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Big data could improve online security
One of the main issues for companies utilizing IT systems in the current economic climate is the ongoing threat of internet security and how best to ensure files and other documents are protected from harm.
According to RSA Conference US program chair Hugh Thompson, more needs to be done to ensure businesses and independent operators are kept safe against cybercrime – and big data analytics could be used to help.
Mr Thompson, who is the author of the Plateau Effect, said a one-size-fits-all approach to internet security is dated, compared to other innovative industries that cater directly to each individual user.
He said: "When we think about security, it should be something that truly adapts to individual risk. And we've seen that happen in other industries."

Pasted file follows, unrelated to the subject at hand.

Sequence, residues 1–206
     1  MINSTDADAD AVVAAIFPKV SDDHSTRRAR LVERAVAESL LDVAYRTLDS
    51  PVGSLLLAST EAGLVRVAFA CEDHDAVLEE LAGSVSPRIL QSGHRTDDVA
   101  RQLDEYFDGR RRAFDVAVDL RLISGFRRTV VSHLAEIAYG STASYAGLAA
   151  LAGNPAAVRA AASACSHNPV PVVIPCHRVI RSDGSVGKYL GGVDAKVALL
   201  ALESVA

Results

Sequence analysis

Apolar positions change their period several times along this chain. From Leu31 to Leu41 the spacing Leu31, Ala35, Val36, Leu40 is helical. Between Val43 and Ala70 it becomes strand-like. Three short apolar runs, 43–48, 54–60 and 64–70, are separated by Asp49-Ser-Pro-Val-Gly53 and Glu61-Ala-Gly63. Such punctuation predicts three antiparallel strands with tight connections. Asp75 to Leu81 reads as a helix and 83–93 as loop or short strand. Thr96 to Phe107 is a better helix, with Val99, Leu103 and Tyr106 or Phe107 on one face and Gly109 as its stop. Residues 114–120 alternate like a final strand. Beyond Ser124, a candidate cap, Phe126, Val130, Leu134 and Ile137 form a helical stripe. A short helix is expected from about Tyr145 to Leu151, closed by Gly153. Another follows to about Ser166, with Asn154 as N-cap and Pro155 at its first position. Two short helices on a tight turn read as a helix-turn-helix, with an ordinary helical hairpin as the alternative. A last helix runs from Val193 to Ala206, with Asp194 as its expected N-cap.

The expert, whose comments were reported by ZD Net, used the example of the ecommerce and insurance sectors, which have already personalized their products and services to the profiles and behavior of each customer.
Included in this category is Amazon, where a different homepage is provided for users depending on information the retailer already has about them.
This example, Mr Thomspon added, can also be carried to the insurance industry – where companies offer different premiums according to a customer's history, risk profile and home address.
Therefore, security companies that utilize predictive analytics to examine the online behavior of their customers are more likely to succeed.
Speaking at the RSA Conference Asia Pacific in Singapore last week, Mr Thompson noted that adopting an enhanced model of security that caters to each individual customer's needs paves the way for an "ideal world, where security does its job".
However, the expert noted that in order for this technique to be successful, users need to be able to carry out their daily IT tasks without the constant reminder that their behaviour is being monitored.
Mr Thompson explained: "I'd ask you to challenge yourself and say, 'What would the world look like if we're actually able to pull off some of these techniques? What will the experience for the end user look like?'"